What is the relationship between art and knowledge production? Does art only contribute to the aesthetics or does it have any role to play in production and even in control of knowledge? This article explores these questions through an example of ‘immigration’. It is a version of the presentation given by Aoileann Ní Mhurchú at the recent ISS workshop ‘Moving Methods’, funded jointly by the CI and D&I groups.
Across the social sciences, the study of ‘art’ is being understood broadly as the study of ‘creative endeavour’ (Danchev and Lisle 2009: 776). Here, art is understood not only as finished products such as paintings or novels, but as ‘activities that produce aesthetic responses, critiques and affirmations’ Rosario-Ramos et al (2017: 221). This moves our focus beyond ‘high art’ and towards a variety of cultural processes such as graffiti, rap music, cartoons, and film. Furthermore, it moves us beyond the intentions of the artist as the source of meaning, and it opens up the idea that art’s relationship to knowledge production is rooted in its activation of responses, critiques and affirmations.
Much work has already shown how popular culture can provide frames of reference about cultures and people which influence how they are ‘known’. For example, by orientalizing the colonized as victims, exotic and/or to be feared (Semmerling 2006).
In relation to the topic of immigration, there has been rich discussion around representations of the ‘good verses the bad immigrant’. In the dystopian video game ‘Papers Please’, the player is asked to assess the claims of immigrants as ‘dubious or genuine’ based on their collection of paperwork. https://www.youtube.com/watch?v=_QP5X6fcukM&frags=pl%2Cwn An archetypal ‘immigrant’ identity has been shaped by such artistic products, which are themselves emergent responses to the same cultural milieu to which they contribute.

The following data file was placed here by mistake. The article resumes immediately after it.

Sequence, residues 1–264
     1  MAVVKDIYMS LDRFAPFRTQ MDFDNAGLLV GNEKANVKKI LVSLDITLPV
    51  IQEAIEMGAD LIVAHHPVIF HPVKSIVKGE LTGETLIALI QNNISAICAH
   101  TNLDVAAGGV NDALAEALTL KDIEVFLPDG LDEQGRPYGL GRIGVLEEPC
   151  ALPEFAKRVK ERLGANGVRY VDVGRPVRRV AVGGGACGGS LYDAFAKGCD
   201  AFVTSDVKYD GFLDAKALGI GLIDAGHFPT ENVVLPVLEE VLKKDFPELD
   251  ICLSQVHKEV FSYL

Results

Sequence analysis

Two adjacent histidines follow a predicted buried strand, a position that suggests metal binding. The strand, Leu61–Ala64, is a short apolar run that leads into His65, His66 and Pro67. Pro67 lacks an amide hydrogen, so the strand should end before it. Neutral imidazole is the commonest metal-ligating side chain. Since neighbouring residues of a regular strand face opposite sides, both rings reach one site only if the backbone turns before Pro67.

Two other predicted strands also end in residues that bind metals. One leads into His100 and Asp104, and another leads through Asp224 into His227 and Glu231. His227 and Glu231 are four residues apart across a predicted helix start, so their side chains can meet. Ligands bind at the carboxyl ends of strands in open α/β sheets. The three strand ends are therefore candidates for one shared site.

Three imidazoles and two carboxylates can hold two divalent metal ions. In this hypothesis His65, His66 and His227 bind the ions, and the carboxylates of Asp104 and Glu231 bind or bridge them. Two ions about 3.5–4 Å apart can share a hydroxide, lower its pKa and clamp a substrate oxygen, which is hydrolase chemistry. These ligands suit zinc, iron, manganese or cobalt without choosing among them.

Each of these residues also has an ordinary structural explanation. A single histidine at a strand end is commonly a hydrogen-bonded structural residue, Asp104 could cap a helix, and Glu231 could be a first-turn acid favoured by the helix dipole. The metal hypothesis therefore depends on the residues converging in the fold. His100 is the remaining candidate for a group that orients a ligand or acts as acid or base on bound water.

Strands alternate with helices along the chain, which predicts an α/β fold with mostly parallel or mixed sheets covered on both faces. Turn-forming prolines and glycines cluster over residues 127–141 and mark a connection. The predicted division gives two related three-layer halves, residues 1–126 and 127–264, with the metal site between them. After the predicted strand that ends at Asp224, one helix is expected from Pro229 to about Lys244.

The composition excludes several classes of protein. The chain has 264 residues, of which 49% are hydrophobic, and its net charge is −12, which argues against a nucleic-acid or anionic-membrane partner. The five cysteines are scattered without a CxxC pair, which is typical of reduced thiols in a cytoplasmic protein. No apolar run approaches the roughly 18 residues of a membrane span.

What has also been explored is how popular culture can challenge dominant ways of knowing the world (Magallanes-Blanco 2015). For example, on immigration, art works such as the murals along the USA-Mexico border by Mexican artist Lalo Cota have been praised for directly challenging the harmful dominant narrative of the ‘good/bad migrant dichotomy’. In a darkly humorous tone, his surrealist and satirical works play with the notion of ‘illegal alien’ by depicting sombreros in the shape of UFOs.
Image by Lynn Trimble
Therefore, art is about power relations: it raises questions about dominance and resistance and, is linked to struggles over control of knowledge between the margins and the centres.
Linking art to struggles over knowledge is a useful but broad endeavor. Ranciére helps narrow this down by theorizing this struggle by way of the senses. Ranciére associates art with a process of struggle over knowledge through ‘determin[ing] the relationship between seeing, hearing, doing, making and thinking’ (Ranciére 2013). Ranciére points to the role of art in engaging the senses to invoke visibility, audibility, saying ability, thinkability, do-ability of certain ideas/possibilities over and in contrast to others. The result is that art is posited as political, rather than something which can merely comment on politics.
To explain: the political nature of, for example, F.Lotus – Ai Weiwei’s installation of 1,005 life jackets floating in the pond of the Belevedere museum in Vienna – can be understood not only for its commentary on the migration crisis, but for the ideas and identities that are made visible and audible when they act on the senses of the audience.
As such, we need to situate such arguments within post and de/colonial literature. This has a long history of exploring how knowledge ‘has been grounded in the suppression of sensing and the body’ (Mignolo 2011b: 275; hooks 1989). In doing so, it allows us to think about the active suppression of ways of being linked to the senses under modernity (which is seen as the other side of coloniality rather than its opposite).
To go back to our example of ‘Papers Please’, a post/decolonial angle propels us to delve deeper and to ask how and in whose interests was the knowledge of the ‘good/bad immigrant’ produced in the first place?
Such literature helps us to look beyond art as a struggle over senses which can merely ‘add to’ our existing knowledge of social sciences. Instead, it draws attention to harder epistemological questions about the nature of the ‘academy’ and ‘reality’ itself. For example, it points to how a focus on the senses (re)shapes what is known as ‘creativity’ by linking this to vulnerability and the margins (Ní Mhurchú, 2016). Additionally, it forces us to (re)evaluate as a colonial move (Mignolo 2003) the separating out of art as interpretive knowledge (grounded necessarily in the humanities) from questions about practical societal knowledge (grounded necessarily in the social sciences).